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Baxa v. Seterus, Inc.

United States District Court, E.D. Louisiana

July 30, 2018

JOHN BAXA ET AL.
v.
SETERUS, INC.

         SECTION: “H” (5)

          ORDER AND REASONS

          JANE TRICHE MILAZZO UNITED STATES DISTRICT JUDGE

         Before the Court is Defendant's Motion to Dismiss the Amended Class Action Complaint (Doc. 23). For the following reasons, the Motion is GRANTED IN PART.

         BACKGROUND

         Plaintiffs John Baxa and Linda Baxa filed their Initial Complaint in this Court on May 31, 2017 asserting claims for state law breach of contract, negligence, conversion, and fraud, and for violations of the Fair Credit Reporting Act (“FCRA”), 15 U.S.C. § 1681 et seq., and Real Estate Settlement Procedures Act (“RESPA”), 12 U.S.C. § 2601 et seq.[1] Plaintiffs alleged that Defendant, the servicer of Plaintiffs' home mortgage, failed to timely pay property taxes on their home resulting in the home being sold at a public tax sale, attempted to recover the resulting tax penalties from Plaintiffs via an increase in their escrow payment, failed to notify them of the increased payment, and improperly reported Plaintiffs' failure to pay that increase to credit agencies. Plaintiffs filed their First Amended Complaint on June 7, 2017, asserting the same claims.[2]

         On December 1, 2017, Plaintiffs sought and were granted leave of Court to amend their First Amended Complaint to assert the existence of a class of similarly situated plaintiffs and make claims on their behalf.[3] Plaintiffs filed their Amended Class Action Complaint on December 4, 2017.[4] The Amended Class Action Complaint does not include a statement incorporating either of the previous complaints filed by Plaintiffs. With respect to the named Plaintiffs, the Amended Class Action Complaint alleges that Defendant “negligently and fraudulently mismanaged Plaintiffs' loans, ” causing Plaintiffs to suffer mental anguish, negative impacts to their credit, and the improper default of their home loan.[5] The Amended Class Action Complaint reframes some of the factual allegations of the First Amended Complaint as allegations concerning the entire class.[6]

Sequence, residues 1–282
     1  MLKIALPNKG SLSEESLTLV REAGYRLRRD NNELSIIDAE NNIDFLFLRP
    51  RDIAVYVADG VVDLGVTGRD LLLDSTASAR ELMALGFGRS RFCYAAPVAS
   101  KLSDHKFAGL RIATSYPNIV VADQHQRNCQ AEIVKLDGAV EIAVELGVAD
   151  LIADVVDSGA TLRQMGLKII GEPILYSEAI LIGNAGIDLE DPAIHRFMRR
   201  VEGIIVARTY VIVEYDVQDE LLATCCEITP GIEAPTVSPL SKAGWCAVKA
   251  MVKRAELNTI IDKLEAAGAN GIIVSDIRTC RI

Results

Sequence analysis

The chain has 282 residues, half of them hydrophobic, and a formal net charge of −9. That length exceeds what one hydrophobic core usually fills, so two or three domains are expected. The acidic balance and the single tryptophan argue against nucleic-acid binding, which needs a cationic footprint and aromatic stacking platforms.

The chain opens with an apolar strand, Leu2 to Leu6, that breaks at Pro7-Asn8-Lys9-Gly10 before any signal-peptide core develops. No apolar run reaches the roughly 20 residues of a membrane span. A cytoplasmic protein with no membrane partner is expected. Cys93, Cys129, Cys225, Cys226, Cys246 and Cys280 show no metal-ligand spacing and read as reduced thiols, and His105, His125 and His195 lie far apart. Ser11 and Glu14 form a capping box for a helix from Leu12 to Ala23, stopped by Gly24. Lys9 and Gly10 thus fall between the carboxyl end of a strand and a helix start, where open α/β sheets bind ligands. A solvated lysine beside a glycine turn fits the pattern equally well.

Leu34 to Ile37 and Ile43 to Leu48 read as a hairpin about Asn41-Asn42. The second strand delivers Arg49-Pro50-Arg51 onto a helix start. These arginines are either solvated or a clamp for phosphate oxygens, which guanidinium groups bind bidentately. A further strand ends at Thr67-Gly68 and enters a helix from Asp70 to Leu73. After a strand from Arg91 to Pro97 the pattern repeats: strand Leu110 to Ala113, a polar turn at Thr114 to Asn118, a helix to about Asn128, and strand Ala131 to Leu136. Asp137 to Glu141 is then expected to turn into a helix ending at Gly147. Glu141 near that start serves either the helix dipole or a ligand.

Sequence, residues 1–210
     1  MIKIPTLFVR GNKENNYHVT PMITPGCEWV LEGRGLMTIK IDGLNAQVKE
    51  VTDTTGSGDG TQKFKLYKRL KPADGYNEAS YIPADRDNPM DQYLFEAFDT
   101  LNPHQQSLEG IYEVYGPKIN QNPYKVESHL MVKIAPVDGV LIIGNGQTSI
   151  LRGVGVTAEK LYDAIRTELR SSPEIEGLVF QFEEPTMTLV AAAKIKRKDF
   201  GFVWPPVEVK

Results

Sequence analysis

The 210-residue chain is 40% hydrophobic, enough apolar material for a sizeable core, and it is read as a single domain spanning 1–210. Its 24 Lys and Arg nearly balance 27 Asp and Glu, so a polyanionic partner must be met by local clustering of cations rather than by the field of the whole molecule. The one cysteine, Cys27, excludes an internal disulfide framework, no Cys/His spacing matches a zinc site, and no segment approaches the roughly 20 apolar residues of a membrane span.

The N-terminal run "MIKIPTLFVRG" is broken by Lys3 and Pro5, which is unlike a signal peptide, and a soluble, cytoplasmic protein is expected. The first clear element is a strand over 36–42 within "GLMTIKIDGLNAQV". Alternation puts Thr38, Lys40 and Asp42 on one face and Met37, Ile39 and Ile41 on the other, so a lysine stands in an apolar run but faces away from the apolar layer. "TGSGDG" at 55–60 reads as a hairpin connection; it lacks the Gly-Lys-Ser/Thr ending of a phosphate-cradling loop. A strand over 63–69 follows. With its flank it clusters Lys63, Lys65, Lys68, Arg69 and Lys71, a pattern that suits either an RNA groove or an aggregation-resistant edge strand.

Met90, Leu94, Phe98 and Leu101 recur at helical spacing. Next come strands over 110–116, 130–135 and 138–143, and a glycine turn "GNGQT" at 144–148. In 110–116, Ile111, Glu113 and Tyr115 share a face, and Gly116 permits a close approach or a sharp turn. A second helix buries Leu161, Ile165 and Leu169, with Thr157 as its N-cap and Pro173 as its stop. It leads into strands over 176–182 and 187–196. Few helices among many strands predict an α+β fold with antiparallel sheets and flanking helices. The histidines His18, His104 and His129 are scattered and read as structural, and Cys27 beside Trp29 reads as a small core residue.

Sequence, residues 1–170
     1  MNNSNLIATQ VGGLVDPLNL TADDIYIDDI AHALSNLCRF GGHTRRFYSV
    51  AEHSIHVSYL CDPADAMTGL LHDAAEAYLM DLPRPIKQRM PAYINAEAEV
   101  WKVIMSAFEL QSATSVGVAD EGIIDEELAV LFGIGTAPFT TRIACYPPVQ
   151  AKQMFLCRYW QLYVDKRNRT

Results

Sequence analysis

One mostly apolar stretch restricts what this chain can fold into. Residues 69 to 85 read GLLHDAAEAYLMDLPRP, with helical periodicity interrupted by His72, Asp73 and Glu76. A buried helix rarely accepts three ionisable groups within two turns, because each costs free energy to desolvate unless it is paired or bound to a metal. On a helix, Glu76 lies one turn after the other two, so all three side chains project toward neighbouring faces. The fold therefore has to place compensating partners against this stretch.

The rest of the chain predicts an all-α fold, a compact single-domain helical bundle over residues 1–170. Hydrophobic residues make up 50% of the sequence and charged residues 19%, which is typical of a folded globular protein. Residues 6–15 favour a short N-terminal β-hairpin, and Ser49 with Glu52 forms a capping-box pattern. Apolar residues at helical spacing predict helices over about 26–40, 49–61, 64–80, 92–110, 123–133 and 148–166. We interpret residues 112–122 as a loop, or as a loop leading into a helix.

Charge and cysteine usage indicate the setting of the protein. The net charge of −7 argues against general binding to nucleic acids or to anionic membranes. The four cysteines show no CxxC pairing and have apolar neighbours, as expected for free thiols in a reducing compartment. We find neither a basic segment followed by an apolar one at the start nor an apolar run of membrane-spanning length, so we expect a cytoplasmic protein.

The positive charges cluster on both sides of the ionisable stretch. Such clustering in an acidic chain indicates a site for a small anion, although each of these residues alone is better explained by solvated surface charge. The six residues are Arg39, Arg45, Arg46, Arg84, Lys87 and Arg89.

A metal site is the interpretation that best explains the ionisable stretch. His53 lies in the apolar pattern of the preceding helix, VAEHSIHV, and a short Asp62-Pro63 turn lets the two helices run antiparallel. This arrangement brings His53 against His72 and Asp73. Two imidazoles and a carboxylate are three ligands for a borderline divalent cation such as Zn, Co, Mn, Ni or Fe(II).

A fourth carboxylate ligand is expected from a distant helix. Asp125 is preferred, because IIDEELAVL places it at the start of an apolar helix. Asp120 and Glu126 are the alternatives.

Defendant now moves to dismiss the Amended Class Action Complaint pursuant to Federal Rule of Civil Procedure 12(b)(6) for the failure to state a claim on which relief can be granted. Defendant argues that Plaintiffs fail to state a claim for breach of contract, fraud, or violations of RESPA or the FCRA, and that Plaintiffs' negligence and conversion claims are prescribed. Plaintiffs oppose the Motion.

         LEGAL STANDARD

         To survive a Rule 12(b)(6) motion to dismiss, a plaintiff must plead enough facts “to state a claim to relief that is plausible on its face.”[7] A claim is “plausible on its face” when the pleaded facts allow the court to “draw the reasonable inference that the defendant is liable for the misconduct alleged.”[8]A court must accept the complaint's factual allegations as true and must “draw all reasonable inferences in the plaintiff's favor.”[9] The Court need not, however, accept as true legal conclusions couched as factual allegations.[10]

         To be legally sufficient, a complaint must establish more than a “sheer possibility” that the plaintiff's claims are true.[11] “A pleading that offers ‘labels and conclusions' or ‘a formulaic recitation of the elements of a cause of action''' will not suffice.[12] Rather, the complaint must contain enough factual allegations to raise a reasonable expectation that discovery will reveal evidence of each element of the plaintiff's claim.[13]